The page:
Frederick Hollander


Praised for his bold and progressive voice within Germany’s Weimar era, Frederick Hollander was an Academy Award-nominated composer best known for his signature piece “Ich bin von Kopf bis Fuß auf Liebe eingestellt,” and its popularized version “Falling In Love Again,” with English lyrics by Reginald Connelly. First performed by Marlene Dietrich and the Frederick Hollander Orchestra within the 1930 film Der Blaue Engel, Dietrich later recorded and brought the English composition to international success. Since, the song has been interpreted by countless artists - most notably Billie Holiday, Count Basie, Dionne Warwick, Sammy Davis Jr., and The Beatles.

Caught up in the cultural and artistic maelstrom of Weimar Germany, in 1931 Hollander opened his own highly successful cabaret-style theater, "Tingel Tangel," ensconced beneath Berlin's "Theater des Westens." His shows were among the top attractions of the day, hailed for their jazzy music, witty lyrics, and daring political satire. Hollander's courageous and openly anti-Hitler revues, such as "Spuk in der Villa Stern," made him an early Nazi target and nearly cost him his life. Within two years, Hitler's unrelenting rise to power would force Hollander and his second wife, Hedi Schoop, to flee Germany for the United States.

In 1933, Hollander arrived in Hollywood to discover that his "Blue Angel" reputation had preceded him - as did Marlene Dietrich - and he continued writing songs for the actress, including "Boys In The Back Room," "You've Got That Look," "Illusions," "Black Market" and "I've Been In Love Before." Hollander's Hollywood career spanned twenty-three years and included songs and musical scores for hundreds of films, among them "Sabrina," "Destry Rides Again," "Here Comes Mr. Jordan," "A Foreign Affair" (in which Hollander also appears as Dietrich's night club piano player), "Desire," and the cult musical "The Five Thousand Fingers Of Dr. T."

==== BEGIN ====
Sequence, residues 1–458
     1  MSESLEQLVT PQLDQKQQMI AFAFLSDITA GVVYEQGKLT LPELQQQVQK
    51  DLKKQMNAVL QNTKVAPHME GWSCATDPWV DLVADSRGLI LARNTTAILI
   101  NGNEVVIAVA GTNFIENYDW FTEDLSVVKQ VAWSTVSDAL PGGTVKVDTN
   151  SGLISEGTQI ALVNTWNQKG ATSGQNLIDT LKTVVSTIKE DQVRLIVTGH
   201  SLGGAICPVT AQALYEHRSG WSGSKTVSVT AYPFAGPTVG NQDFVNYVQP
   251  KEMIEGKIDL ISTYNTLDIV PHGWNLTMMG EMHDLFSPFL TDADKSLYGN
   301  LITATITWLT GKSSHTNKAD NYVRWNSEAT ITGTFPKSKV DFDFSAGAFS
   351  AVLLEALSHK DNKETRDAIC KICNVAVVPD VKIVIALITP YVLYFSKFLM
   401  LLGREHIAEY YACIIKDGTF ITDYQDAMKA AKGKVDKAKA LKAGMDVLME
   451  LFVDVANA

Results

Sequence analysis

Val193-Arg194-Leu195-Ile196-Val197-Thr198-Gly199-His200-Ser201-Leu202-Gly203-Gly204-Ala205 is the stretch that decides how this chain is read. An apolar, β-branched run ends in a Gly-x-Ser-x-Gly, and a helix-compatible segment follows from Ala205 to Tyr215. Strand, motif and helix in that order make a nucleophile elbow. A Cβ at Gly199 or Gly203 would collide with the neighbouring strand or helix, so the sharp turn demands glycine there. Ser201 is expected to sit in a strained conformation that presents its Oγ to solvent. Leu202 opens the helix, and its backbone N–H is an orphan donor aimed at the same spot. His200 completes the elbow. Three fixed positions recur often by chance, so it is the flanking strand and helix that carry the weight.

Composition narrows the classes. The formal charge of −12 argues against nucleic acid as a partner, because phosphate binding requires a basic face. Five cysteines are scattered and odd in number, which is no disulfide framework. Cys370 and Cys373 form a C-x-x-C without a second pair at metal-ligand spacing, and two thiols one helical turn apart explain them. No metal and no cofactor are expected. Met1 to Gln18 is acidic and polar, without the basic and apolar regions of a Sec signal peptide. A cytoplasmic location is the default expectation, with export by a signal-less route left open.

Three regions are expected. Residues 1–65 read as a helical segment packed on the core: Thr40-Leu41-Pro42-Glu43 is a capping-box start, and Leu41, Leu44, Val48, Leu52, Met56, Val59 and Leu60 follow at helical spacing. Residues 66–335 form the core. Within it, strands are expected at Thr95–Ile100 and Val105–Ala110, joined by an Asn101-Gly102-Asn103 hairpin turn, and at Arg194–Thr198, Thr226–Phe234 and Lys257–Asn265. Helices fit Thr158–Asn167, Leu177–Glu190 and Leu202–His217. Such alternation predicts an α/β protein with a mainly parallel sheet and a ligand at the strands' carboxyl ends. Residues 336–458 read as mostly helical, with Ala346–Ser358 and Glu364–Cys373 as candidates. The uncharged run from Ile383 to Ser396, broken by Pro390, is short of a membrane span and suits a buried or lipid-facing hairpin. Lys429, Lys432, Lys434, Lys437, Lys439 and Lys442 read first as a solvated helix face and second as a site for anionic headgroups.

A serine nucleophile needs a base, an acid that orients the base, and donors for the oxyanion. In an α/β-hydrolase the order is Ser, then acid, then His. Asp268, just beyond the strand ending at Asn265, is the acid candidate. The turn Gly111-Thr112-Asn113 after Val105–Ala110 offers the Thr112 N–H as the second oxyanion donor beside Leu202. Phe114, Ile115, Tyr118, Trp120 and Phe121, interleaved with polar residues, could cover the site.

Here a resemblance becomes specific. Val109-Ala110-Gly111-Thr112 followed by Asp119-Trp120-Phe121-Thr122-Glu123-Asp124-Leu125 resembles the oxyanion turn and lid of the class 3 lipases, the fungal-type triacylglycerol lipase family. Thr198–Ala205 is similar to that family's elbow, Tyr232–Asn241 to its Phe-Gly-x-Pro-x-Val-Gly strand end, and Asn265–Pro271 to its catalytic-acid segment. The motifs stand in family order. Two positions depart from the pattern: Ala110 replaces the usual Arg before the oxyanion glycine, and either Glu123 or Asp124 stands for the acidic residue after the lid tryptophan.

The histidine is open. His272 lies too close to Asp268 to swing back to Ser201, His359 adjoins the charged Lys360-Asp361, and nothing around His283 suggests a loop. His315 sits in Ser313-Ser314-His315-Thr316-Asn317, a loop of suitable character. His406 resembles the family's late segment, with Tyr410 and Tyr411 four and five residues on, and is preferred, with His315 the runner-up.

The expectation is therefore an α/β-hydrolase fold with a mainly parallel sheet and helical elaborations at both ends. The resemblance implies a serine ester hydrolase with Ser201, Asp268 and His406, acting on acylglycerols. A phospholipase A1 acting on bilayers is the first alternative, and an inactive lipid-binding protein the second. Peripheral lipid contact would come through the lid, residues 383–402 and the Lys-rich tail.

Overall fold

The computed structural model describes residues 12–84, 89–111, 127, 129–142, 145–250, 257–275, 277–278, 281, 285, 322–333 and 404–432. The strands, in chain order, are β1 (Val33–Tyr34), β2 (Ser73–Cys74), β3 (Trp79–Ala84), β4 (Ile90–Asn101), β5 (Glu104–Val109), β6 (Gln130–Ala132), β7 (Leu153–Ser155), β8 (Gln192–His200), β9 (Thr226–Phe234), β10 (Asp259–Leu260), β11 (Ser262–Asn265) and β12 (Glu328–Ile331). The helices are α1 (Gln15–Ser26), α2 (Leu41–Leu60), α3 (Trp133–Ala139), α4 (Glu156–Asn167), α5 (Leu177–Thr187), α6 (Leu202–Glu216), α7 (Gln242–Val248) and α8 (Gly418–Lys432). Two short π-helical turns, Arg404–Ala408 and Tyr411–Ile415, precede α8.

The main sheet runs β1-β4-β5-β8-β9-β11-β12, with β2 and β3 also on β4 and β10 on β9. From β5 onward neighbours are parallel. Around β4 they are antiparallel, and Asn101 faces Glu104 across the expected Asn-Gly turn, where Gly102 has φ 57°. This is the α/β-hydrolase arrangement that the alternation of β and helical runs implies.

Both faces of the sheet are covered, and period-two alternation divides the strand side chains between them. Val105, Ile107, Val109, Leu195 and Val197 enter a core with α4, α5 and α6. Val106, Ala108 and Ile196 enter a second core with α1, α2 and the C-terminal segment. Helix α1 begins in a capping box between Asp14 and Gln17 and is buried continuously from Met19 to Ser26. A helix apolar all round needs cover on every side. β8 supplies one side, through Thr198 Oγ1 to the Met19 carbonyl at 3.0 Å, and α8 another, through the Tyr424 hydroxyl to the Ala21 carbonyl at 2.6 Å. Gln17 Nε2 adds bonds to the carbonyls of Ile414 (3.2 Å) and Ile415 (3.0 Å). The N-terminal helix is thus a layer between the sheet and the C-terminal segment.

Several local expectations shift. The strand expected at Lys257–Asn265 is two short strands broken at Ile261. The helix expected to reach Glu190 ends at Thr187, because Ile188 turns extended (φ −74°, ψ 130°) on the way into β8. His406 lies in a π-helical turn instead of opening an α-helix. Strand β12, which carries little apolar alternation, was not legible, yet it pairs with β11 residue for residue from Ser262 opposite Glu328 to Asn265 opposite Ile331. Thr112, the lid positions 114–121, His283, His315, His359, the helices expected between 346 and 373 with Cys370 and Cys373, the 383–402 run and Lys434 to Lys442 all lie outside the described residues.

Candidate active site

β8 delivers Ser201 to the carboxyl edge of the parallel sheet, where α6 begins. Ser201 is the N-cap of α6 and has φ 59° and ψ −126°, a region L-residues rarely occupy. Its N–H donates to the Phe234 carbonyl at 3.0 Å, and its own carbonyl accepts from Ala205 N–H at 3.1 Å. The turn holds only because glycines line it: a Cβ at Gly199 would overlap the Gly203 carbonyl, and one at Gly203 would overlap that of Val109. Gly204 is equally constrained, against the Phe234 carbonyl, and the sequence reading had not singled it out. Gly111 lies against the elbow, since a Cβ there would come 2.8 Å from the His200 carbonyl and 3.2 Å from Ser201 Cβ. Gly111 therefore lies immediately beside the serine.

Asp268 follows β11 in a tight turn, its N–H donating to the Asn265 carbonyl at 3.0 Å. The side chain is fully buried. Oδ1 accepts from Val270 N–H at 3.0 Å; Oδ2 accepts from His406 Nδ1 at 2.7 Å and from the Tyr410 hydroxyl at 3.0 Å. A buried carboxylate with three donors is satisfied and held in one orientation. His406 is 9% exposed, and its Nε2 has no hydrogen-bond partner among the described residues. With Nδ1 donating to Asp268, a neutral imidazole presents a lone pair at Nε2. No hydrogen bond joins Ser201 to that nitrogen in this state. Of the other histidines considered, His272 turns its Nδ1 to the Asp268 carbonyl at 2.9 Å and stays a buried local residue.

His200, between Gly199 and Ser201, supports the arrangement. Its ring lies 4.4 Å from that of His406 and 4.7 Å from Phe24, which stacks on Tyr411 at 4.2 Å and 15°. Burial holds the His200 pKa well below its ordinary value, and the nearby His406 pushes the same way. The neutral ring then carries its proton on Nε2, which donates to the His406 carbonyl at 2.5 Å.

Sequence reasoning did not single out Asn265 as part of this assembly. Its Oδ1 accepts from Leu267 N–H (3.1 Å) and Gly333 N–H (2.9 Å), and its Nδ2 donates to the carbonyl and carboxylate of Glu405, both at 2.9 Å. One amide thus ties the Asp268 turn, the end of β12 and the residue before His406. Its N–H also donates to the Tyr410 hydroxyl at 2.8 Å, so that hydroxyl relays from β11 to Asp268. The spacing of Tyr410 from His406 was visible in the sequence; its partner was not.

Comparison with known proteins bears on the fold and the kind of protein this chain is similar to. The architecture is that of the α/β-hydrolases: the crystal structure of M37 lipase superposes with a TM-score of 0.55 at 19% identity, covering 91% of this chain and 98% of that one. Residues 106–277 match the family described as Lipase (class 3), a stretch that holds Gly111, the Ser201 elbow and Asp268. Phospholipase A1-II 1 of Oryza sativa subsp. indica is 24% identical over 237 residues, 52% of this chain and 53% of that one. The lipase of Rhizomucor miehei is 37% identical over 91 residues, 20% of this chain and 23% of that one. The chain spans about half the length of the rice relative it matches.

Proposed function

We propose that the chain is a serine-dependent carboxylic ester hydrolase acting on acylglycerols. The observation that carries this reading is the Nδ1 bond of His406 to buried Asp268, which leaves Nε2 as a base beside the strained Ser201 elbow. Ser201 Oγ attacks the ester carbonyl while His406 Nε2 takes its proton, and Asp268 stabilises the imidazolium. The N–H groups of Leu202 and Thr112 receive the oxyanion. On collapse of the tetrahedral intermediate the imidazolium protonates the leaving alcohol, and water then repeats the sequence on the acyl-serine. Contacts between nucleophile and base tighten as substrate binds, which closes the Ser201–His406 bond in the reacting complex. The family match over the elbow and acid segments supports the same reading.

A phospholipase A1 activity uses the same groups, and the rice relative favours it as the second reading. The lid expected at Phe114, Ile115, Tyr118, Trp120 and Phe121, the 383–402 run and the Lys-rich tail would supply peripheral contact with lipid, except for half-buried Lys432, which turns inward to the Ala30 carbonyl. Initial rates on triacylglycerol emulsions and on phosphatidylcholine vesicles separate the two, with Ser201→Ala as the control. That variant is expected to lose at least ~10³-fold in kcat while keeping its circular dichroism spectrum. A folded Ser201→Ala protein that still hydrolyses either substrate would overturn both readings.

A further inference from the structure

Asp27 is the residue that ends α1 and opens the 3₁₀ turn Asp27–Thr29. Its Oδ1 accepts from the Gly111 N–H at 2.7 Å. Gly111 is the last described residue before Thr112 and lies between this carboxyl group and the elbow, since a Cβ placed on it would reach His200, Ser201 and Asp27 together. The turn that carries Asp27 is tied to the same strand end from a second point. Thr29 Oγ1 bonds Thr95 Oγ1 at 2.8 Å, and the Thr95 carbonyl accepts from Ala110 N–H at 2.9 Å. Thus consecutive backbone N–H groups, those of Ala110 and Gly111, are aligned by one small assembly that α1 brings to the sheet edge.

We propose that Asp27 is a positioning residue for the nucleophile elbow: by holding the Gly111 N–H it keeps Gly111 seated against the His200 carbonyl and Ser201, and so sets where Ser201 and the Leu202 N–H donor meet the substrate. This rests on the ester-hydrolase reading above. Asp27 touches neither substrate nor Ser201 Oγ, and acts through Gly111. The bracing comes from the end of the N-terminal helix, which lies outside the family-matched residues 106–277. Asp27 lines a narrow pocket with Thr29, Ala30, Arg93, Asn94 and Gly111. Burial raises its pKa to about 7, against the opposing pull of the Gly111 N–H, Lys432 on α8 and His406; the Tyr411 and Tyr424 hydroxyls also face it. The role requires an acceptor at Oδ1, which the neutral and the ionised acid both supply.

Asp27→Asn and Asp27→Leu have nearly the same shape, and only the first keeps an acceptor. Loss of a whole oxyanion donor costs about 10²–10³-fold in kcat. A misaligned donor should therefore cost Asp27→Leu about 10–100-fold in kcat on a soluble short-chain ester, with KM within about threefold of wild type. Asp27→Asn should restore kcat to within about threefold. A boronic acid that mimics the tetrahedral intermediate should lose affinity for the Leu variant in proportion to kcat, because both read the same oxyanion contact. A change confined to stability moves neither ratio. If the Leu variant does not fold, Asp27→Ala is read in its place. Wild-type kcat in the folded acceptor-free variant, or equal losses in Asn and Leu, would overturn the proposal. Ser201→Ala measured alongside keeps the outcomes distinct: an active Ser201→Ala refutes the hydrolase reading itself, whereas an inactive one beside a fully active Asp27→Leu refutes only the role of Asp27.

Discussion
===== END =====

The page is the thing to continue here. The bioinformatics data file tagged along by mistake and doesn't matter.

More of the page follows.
He garnered four Academy Award nominations: 1937 for Best Song "Whispers In The Dark" (from "Artists And Models"); 1942 for Best Score (from "Talk Of The Town"); 1948 for Best Song "This Is The Moment," (from "That Lady In Ermine") and in 1953 for Best Musical Score (from "The Five Thousand Fingers Of Dr. T").

Hollander returned to Germany in 1956, where his music enjoyed a revival, presented in sprightly cabaret revues in Munich and Berlin. He continued to compose for musicals and wrote the score to the 1959 film, "Das Spukschloss im Spessart."

For Hollander's lasting contributions to German culture, he was awarded the Schwabinger Kunstpreis and in 1959 the Bundesverdienstkreuz (Order of Merit of the Federal Republic of Germany and posthumously received a center-city square named in his honor (Friedrich Hollaender Platz).

Additionally this January, Hollander’s songs from the Weimar-era were celebrated within Juilliard's Marcus Institute for Vocal Arts and New York Festival of Song (NYFOS)’s program titled “Kurt Weill’s Berlin,” for being as “bracing and brilliant as the day they were written.”